In light of the questioning laid upon and testimony given by former FBI Directer James Comey, a lively debate has been sparked online in terms of the situation’s similarities with the experiences of women in cases of sexual harassment. Anyone watching Comey’s hearing could draw parallels between the typical reaction the public has toward cases of alleged sexual harassment, in which those asking the questions are clearly trying to place a portion of the blame on the victim. The questions relate to why the victim reacted in certain ways, and they are typically framed to make it seem as if the action of the accused is somehow excused by the failure to immediately react properly to it.
Many women experience the same sort of grilling when they claim sexual harassment, which in itself is one of the reasons why women tend to avoid claiming sexual harassment unless it’s flagrant or unending. The reason behind this is that the female victims are typically the subordinates of the male harasser. That imbalance of power makes it much more difficult to make the claim for fear of backlash.
That imbalance of power is exactly what Comey described during his testimony on Thursday. He testified on his hesitancy to confront Trump directly since he was only supposed to report to the Attorney General, so it felt out of place for him to question the strange behavior of Trump. The strangeness of that behavior is further exemplified by Comey’s reaction to it. He was so stunned by what the president was doing and saying, he didn’t know how to react in the moment. During his testimony, it was clear that Comey was at least partially embarrassed that he didn’t have the strength or resolve to directly confront Trump. When asked why he didn’t confront Trump directly, Comey replied that he was so shocked by the conversation that he just couldn’t react.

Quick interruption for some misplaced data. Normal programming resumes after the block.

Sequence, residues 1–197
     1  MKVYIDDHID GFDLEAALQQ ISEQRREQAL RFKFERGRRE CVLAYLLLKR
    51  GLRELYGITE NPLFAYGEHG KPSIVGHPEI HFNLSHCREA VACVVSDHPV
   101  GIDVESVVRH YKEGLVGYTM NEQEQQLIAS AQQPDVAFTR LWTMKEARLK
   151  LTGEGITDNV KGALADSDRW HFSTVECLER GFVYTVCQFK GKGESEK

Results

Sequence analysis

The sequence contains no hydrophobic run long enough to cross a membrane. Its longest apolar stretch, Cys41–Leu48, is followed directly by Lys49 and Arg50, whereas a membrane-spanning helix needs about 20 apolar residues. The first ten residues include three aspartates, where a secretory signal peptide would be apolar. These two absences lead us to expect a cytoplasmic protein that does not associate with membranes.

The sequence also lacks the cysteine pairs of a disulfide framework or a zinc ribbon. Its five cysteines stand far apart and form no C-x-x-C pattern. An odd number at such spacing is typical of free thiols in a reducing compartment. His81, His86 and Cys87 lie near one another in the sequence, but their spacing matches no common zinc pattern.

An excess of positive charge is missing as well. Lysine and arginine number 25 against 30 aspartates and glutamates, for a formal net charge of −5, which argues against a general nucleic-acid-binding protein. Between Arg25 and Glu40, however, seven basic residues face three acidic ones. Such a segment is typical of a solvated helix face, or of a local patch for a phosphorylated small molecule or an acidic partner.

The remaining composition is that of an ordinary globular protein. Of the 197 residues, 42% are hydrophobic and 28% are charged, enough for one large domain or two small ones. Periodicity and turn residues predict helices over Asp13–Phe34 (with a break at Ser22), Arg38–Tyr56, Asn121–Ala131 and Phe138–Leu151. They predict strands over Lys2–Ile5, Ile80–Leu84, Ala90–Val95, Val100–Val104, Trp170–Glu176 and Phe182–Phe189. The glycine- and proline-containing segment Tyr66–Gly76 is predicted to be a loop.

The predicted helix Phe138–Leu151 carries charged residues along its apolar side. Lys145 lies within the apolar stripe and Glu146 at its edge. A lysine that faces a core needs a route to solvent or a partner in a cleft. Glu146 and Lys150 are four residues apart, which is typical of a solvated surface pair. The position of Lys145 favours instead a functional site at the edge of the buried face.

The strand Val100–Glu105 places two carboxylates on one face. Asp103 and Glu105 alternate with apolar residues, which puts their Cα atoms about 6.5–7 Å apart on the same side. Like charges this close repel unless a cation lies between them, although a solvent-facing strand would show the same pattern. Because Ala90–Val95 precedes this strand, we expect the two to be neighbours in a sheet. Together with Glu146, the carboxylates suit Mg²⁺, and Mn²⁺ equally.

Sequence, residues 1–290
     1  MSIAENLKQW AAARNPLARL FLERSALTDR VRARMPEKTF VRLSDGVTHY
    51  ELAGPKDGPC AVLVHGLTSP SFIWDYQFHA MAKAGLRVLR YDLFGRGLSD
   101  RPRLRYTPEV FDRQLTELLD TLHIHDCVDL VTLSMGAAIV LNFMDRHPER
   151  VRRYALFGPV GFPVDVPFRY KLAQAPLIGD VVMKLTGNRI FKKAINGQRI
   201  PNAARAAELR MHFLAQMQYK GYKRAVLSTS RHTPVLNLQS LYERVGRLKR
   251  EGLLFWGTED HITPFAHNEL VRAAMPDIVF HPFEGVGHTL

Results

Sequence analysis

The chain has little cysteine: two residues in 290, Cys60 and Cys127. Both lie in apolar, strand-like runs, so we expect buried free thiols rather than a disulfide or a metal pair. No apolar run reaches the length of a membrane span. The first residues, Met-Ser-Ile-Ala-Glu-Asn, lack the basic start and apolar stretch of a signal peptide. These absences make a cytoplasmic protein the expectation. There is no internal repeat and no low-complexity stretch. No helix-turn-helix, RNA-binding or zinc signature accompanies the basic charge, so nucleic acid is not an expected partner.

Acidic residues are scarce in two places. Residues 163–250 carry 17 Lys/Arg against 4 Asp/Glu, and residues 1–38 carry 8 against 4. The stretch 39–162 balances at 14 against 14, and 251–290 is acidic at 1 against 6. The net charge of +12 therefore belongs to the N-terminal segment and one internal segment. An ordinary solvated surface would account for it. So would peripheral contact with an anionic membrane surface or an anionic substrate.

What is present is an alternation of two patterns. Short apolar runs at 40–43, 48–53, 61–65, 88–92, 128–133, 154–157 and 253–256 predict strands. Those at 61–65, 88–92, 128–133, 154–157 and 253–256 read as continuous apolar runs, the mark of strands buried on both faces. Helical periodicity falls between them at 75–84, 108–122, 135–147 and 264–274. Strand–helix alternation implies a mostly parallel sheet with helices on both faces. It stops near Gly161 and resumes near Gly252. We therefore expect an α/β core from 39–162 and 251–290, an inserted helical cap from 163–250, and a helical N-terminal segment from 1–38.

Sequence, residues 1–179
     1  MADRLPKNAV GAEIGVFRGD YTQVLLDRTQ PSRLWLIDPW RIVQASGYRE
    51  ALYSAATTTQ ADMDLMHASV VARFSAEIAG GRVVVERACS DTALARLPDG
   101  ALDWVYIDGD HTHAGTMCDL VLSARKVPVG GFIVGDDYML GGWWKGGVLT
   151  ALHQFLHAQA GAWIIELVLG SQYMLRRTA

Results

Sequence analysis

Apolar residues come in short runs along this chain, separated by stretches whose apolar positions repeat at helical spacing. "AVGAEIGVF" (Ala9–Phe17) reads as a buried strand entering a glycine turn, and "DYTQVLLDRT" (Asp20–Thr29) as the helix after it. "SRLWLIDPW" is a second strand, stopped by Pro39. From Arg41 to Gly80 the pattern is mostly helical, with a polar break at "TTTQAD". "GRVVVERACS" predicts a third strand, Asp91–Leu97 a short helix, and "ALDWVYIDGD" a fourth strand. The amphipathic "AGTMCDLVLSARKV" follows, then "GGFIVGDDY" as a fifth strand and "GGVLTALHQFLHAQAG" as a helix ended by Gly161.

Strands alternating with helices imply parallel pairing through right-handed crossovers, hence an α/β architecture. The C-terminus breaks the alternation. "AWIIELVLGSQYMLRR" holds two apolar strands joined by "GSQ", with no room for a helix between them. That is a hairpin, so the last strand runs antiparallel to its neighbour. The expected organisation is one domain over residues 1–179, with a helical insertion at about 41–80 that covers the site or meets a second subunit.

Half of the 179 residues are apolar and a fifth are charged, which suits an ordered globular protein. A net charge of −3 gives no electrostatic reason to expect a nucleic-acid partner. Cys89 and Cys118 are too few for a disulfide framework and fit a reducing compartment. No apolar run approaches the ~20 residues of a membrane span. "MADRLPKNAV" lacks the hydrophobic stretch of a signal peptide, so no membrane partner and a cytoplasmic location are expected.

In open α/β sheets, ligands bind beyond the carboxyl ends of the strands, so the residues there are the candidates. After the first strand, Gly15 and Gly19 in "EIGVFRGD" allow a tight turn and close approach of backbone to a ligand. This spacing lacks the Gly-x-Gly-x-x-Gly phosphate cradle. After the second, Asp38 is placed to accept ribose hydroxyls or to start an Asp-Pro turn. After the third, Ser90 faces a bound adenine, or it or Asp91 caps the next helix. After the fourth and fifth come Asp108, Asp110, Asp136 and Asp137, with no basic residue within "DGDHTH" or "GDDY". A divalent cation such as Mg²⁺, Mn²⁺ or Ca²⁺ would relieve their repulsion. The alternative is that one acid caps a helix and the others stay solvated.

A lot of the language and emotions that Comey evoked shared noticeable similarities with the way many react to sexual harassment, especially when they are questioned over and over in order to find what the lawyers call ‘inconsistencies’. Beyond the definition of the word, it has no real meaning. It’s simply a method of declaring the guilty party innocent because of a forced mistake on the part of the victim. It’s unfortunate that humanity is primarily a society that so often sides with those with power over those without.
There are a number of high-profile sexual harassment and rape cases currently or recently in the public eye that reflect the imbalance of power aspect quite well. Bill Cosby and Bill O’Reilly are currently in the midst of legal battles over accusations of sexual harassment and rape, and Roger Ailes is another highly visible member of the media who had an issue with sexual harassment. Recently, one of the accusers of Bill Cosby was on the witness stand for two days while defense attorneys questioned her contact with Cosby, suggesting that it invalidated her claim of improper behavior. Comey’s public hearing is yet another example of how the imbalance of power can create control issues.
Unsurprisingly, people all over social media reacted to the Comey hearing in different ways. Some claimed that he must now know what it feels like to be a female sexual harassment accuser who isn’t taken seriously, and others seemed to fall for the rhetoric implied by the questions of the senators who felt that Comey could or maybe even should have done something to confront the president’s behavior. Of course, that may be no different than asking why a rape victim didn’t just wear a longer dress.